Mac keyboard layout for Gwich’in

This page offers a keyboard layout file to assist with Gwich’in diacritics, plus installation and usage instructions.


Current convention for Gwich’in transcription uses several unusual diacritics added Latin characters (graphemes) to represent low and nasal vowel tones. While single Unicode characters exist for low tones (grave accented vowels) and nasals (vowels with ogneks), no single Unicode characters exist for the combination of both (e.g., ą̀), and Unicode combining characters must be used. See the table below for the characters codes used. These combining Unicode characters should display correctly in most situations, but please not that some fonts and applications may displace the combining character to the left or right.


1. Download keyboard file

First download this ZIP file called (Hold down the Control key, and then click on the link and ‘Save As...’). Double-click on the downloaded file to unzip it.

2. Copy to Library

Next you need to get the Gwichin.keylayout file to the Keyboard Layouts folder in the Library folder.

Method 1: Using the Finder

Mac hides the Library folder from you usually, but you can see it this way: In the Finder:

  1. Find the Gwichin.keylayout file you just downloaded. It may not be called Gwichin.keylayout, but just Gwichin because Mac may hide the suffix from you. Copy the file (Command-C).
  2. Hold down the Option (aka Alt) key, and click on the Go menu item; you should see ‘Library’ listed - click on it.
  3. Find the Keyboard Layouts folder and paste the file inside that folder (Command-V).

Method 2: Using Ukelele

Ukelele is a SIL program for editing keyboard layouts. It was used to create this Gwich’in layout file. It is not needed for the installation of the file, but provides an alternative method if the above method does not work.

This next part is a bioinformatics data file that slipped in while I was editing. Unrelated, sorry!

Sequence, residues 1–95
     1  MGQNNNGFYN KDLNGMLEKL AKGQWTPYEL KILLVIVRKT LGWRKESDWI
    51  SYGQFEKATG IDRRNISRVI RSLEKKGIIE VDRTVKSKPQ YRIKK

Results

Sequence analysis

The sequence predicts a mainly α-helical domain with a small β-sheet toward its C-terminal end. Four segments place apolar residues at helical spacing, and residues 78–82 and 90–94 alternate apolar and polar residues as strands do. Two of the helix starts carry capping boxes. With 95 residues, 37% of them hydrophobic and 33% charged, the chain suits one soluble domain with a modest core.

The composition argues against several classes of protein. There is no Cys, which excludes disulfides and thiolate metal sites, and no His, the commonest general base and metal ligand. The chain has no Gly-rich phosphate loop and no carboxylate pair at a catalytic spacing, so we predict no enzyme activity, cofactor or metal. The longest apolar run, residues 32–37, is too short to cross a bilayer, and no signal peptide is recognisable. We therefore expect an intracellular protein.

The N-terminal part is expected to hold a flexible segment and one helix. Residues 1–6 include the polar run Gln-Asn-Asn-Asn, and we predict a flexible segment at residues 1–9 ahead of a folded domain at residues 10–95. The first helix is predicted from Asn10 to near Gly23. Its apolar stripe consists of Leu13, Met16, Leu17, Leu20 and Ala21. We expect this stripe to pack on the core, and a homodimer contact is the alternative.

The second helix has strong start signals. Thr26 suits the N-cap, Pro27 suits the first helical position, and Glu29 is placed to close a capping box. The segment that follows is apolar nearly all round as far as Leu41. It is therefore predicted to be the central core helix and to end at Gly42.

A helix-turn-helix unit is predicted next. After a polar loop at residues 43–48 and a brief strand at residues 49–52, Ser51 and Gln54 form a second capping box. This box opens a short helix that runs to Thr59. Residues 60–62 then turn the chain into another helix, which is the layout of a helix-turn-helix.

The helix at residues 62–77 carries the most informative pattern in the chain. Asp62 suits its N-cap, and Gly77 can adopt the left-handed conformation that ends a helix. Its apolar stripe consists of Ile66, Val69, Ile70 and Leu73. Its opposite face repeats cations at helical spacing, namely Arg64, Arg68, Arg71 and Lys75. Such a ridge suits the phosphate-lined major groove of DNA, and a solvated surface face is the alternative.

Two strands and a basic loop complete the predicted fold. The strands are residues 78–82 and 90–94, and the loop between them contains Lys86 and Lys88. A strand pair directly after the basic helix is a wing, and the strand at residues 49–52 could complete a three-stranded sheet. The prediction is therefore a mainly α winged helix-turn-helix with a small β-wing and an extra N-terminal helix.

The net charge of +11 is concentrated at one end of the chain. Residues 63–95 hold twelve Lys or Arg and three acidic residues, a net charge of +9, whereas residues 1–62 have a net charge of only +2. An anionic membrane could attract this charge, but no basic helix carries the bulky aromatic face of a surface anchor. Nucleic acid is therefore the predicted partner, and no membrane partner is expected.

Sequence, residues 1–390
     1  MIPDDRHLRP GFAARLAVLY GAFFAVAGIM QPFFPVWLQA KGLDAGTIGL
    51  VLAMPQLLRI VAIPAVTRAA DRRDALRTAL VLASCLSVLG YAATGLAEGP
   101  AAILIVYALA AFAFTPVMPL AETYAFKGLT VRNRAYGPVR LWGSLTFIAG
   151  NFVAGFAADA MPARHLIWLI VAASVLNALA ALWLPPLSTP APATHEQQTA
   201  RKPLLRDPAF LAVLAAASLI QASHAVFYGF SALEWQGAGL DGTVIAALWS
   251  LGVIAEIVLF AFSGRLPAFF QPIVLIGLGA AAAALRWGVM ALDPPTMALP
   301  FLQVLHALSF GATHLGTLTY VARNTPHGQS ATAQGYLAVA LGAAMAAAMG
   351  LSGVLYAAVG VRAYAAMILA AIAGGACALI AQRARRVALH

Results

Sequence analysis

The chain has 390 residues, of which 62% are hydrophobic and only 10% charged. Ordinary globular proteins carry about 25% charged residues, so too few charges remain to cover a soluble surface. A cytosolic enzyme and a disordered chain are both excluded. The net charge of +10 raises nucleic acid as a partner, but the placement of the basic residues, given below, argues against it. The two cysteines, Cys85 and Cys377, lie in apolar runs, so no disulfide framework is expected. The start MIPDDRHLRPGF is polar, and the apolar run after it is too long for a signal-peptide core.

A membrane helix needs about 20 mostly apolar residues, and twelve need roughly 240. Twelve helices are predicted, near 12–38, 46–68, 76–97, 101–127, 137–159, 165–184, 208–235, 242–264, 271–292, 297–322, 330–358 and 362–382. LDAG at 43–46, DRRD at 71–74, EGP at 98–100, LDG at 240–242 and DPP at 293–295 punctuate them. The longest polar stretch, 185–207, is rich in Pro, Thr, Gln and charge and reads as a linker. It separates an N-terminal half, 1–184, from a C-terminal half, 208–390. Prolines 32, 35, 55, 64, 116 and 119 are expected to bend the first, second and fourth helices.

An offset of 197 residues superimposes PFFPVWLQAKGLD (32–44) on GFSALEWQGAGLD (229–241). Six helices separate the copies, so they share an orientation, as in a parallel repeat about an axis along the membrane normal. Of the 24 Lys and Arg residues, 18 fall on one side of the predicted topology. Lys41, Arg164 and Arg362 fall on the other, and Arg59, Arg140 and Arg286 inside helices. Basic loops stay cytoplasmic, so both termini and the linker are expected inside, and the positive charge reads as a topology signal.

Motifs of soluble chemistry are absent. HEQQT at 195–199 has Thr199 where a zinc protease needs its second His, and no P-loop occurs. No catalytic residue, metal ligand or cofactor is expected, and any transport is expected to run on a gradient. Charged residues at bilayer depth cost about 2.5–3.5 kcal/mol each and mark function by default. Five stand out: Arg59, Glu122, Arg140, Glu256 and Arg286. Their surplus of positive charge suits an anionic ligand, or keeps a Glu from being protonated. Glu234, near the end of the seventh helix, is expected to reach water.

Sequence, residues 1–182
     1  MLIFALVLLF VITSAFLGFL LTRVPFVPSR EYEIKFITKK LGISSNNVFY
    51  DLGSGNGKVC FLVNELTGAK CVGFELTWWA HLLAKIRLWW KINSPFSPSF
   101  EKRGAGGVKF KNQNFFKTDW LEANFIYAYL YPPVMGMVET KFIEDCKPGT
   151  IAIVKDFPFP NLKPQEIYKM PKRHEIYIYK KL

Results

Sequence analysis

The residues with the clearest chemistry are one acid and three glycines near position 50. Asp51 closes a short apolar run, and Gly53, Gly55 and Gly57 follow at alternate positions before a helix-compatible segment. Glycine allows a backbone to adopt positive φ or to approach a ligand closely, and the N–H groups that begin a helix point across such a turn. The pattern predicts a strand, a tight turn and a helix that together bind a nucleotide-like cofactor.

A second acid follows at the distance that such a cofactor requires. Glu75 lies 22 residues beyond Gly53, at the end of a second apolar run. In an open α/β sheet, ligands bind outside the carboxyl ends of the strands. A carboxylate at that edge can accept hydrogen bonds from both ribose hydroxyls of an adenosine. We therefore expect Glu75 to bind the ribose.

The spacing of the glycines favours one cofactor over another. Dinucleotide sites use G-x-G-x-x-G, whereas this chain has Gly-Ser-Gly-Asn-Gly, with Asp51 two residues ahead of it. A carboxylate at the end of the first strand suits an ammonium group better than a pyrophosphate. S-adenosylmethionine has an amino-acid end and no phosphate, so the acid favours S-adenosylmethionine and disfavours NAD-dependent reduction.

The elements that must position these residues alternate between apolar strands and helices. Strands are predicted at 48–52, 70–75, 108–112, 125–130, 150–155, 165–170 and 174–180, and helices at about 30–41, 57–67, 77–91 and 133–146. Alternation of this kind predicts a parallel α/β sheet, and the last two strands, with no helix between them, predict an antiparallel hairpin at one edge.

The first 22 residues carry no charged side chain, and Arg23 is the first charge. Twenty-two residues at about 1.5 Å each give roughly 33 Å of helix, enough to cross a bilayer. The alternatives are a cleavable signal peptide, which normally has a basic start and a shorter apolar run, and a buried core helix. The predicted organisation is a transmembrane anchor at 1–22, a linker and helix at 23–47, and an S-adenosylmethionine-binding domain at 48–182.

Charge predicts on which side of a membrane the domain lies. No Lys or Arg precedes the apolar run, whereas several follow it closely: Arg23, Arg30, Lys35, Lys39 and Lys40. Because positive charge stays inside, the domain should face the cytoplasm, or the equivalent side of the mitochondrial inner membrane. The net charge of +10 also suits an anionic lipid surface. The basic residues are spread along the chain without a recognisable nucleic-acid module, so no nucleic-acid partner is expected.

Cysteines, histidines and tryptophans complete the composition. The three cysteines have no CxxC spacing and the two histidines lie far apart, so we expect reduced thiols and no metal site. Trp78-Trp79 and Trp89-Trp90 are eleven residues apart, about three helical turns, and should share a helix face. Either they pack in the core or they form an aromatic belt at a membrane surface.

1. Download the latest version of Ukelele and install as directed.
  2. Open the Gwichin.keylayout file, with ‘Open’ in the File menu. A keyboard should appear, with ‘Gwich’in’ in its window’s title bar. You can click on the Modifier keys (see below) to see how the main keys are affected.
  3. In the file menu, select ‘Install...’ -> ‘Show organizer’
  4. Drag ‘Gwichin’ from the first pane to the third pane.

3. Activate the keyboard layout

Finally, restart your Mac. This is not necessarily needed, but should ensure that the new keylayout file is found.

Then go the System Preferences, and click on Keyboard. Make sure the ‘Show Input menu in menu bar’ box is checked. In the ‘Input Sources’ tab, click on ‘+’ to add a new source. Scroll down and click on ‘Others’. You should see ‘Gwich’in’ listed. Click on it. It will now appear in the Keyboard Layout menu (the flag) in the top menubar.


When you want to input Gwich’in diacritic characters, click on the flag in the top-right of the menu bar, and select ‘Gwich’in’. Go to the document you are editing. All normal (small) characters, and Shift (capital) characters are still available as usual, and the usual Command characters (e.g. Command-Tab for switch window) still work. But certain combinations of Control and Option will give Gwich’in diacritics to certain keys:

 OPT       + a -> ą   U+0105
       CTL + a -> à   U+00E0
 OPT + CTL + a -> ą̀   U+0105 U+0300 (combining grave)

 OPT       + e -> ę   U+0119
       CTL + e -> è   U+00E8
 OPT + CTL + e -> ę̀   U+0119 U+0300 (combining grave)

 OPT       + i -> į   U+012F
       CTL + i -> ì   U+00EC
 OPT + CTL + i -> į̀   U+00EC U+0328 (combining ognek)

 OPT       + o -> ǫ   U+01EB
       CTL + o -> ò   U+00F2
 OPT + CTL + o -> ̀ǫ   U+01EB U+0300 (combining grave)

 OPT       + u -> ų   U+0173
       CTL + u -> ù   U+00F9
 OPT + CTL + u -> ų̀   U+0173 U+0300 (combining grave)

 OPT        + l -> ł  U+0142
 OPT + SHFT + l -> Ł  U+0141 

Use with Microsoft Word

Some of the current default key bindings in Microsoft Word duplicate standard Command key usages (e.g. CMD + i = italicize) with the Control key (CTL + i = italicize), probably because Windows users have learned the Control key bindings. This use of the Control key clashes with the above key bindings for CTL + a, i, and u. To use the Gwich’in bindings in Word you must deactivate the CTL combinations:

  1. Select the ‘Tool’ drop down menu. Select ‘Customize Keyboard’. Select ‘All Commands’ in the menu on the left in the pop-up window.
  2. In search, type in ‘italicize’. In the list of commands select ‘Control + i’ and hit the 'remove’ button.
  3. In search type in ‘underline’. In the list of commands select ‘Control + u’ and hit ‘remove’ button.
  4. In search type in ‘selectall’. In the list of commands select ‘Control + a’ and hit ‘remove’ button.
  5. Hit ‘OK’ in the pop-up window to accept all the changes that were made.

(Thanks to Evon Peter for discovering and finding the fix for this.)